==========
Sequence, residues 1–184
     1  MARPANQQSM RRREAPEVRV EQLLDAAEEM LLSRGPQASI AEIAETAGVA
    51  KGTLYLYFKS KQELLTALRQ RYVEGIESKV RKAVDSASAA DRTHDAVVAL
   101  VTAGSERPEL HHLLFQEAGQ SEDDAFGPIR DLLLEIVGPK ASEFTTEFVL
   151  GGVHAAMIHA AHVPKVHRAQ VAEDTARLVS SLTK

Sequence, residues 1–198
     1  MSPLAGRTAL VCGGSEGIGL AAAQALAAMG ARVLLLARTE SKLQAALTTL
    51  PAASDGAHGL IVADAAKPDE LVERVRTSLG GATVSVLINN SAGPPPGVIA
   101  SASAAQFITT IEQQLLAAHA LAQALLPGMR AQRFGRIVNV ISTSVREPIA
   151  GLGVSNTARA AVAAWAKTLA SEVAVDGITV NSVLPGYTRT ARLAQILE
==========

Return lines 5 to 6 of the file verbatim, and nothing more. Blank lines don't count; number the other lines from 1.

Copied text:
   151  GGVHAAMIHA AHVPKVHRAQ VAEDTARLVS SLTK

Sequence, residues 1–198